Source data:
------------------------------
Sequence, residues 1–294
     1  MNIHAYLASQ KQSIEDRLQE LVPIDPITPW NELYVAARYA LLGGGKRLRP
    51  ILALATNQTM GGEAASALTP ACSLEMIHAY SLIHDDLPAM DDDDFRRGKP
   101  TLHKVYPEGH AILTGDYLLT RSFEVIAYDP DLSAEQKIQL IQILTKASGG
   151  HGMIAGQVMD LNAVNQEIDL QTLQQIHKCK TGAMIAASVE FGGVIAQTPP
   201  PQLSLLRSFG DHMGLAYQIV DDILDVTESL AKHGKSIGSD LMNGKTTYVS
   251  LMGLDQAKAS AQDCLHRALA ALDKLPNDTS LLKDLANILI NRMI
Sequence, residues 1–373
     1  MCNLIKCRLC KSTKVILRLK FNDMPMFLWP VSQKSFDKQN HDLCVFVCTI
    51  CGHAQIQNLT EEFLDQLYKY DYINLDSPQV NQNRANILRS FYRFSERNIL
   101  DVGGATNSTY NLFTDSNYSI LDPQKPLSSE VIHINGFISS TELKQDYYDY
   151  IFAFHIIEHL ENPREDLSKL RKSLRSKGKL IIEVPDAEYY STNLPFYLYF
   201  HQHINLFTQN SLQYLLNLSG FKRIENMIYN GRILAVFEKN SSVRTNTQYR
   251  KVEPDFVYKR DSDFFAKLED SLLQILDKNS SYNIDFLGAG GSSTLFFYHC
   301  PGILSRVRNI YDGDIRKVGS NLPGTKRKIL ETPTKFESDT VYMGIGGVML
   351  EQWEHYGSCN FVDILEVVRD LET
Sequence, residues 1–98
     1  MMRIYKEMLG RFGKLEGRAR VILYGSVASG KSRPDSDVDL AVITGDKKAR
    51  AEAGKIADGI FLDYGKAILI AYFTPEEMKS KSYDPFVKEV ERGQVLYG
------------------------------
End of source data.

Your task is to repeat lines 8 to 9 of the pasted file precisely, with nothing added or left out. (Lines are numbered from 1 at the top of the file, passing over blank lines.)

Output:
Sequence, residues 1–373
     1  MCNLIKCRLC KSTKVILRLK FNDMPMFLWP VSQKSFDKQN HDLCVFVCTI